…thoughts on love as Valentine’s Day beckons.
Ladies and gentlemen, another Valentine’s Day is upon us! I often wonder why there must be a single day dedicated to the celebration of love? If love is what makes the world go round, why don’t we celebrate it every day? What exactly is the fuss about Valentine’s Day? As far as I am concerned, it is just one huge celebration of consumerism. Many companies cash out simply by convincing people that they need to break the bank to buy the best gifts or create the best experiences and prove that they love their significant or hopeful others, and that’s the gospel truth!
One would have assumed that Valentine’s Day would provide an opportunity for people to seek and understand the true meaning of love. Alas, the true essence of love is often lost which leads me to one of the greatest existential questions ever asked: what is love? When we say “I love you”, what do we mean? What are the implications of that declaration and what are the expectations that come with it? What does it mean to fall in love?
The media has deliberately influenced how we view love. Fairy tales about Cinderella and Snow White, Mills & Boon and Harlequin Romance books, the ever-present Hollywood romcoms, and many of the popular music artistes all present love as romance: that feeling you feel when you feel your feelings for someone feel right. The storylines are always familiar. Boy sees girl. Boy is intrigued by the way girl looks, probably by what she is wearing, how beautiful she looks, maybe even her mannerisms. Boy hasn’t even uttered a word to girl yet, he immediately falls in love! Boy decides that he must have girl, him and him only, or else, he will die or react in some illogical way. Something along the lines of a modern-day Romeo and Juliet story or should I say Sidi and Baroka (or Lakunle as the case may be)? Even Nollywood isn’t left out in promoting these tropes. At the end of the day, many, if not all of these stories, typically end “happily ever after”: boy gets girl (or girl gets boy) and the world continues as it is but we all know life isn’t a fairy tale, don’t we?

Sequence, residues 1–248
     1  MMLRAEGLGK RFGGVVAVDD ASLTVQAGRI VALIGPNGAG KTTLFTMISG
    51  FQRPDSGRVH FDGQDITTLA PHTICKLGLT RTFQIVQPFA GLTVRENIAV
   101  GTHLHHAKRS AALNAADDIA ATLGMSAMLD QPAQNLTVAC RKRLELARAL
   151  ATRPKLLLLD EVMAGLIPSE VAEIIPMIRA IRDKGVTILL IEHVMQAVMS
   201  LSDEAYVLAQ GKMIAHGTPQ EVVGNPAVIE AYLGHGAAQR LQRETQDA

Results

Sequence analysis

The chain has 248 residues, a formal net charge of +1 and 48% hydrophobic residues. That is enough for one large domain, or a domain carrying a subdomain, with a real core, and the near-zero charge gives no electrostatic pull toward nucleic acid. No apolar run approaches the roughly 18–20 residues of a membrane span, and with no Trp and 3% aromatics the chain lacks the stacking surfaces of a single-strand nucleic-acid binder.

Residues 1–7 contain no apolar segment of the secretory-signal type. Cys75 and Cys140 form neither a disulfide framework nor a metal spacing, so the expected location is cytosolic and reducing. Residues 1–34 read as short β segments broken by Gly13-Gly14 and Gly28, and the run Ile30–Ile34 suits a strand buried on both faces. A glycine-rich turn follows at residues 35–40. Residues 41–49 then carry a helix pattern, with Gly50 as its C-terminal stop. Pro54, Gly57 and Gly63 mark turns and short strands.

And then, there is the case of unrequited love, which very few people speak of, quite an unpleasant experience for some. How can I love you, give you everything I hold dear, but then you say you don’t love me? How can you know that I am pining for you but you refuse to acknowledge my love? What could even make matters worse is when the object of our affection is in love with someone else! Such cruelty!!! This situation has often led to instances of obsession where one party can go to any lengths to ensure the other person accepts their love, even to blackmail: a case of “if I can’t have you then no one else will”.
Loves purest form, in my opinion, is that expressed by God to us: unconditional, giving expecting nothing in return, placing the needs of others ahead of self, assuming the best of all, can we replicate this kind of love? Love is not just a feeling but a series of pre-determined, consistent actions and many people have a challenge with expressing it. We have unknowingly become used to showing love the way we prefer to receive it and this often causes discontent and disconnect in relationships. One person is sure she is doing the most to keep love alive while her partner is wondering if she loves him at all. Weird right?
Reading Gary Chapman’s book, The Five Love Languages: How to Express Heartfelt Commitment to Your Mate helped me realise that we all express and experience love in different ways and each way is valid to the individual. One should discover how their partners prefer to receive love rather than love them the way one prefers to be loved. To be honest, loving anyone is hard. We are hardwired to focus on ourselves and our needs: what we want, when we want it, and how we want it, and love demands that we should love people no less than we love ourselves.
As we celebrate this year’s edition of “consumer love”, let us also remember that we do not need to wait for one day in the year to buy a gift or create an experience that expresses our love. Rather, let us remember that every day offers us an opportunity to love and be loved. Love is you, love is me, and together, if we show more love, life can be better and that is the way I see things today.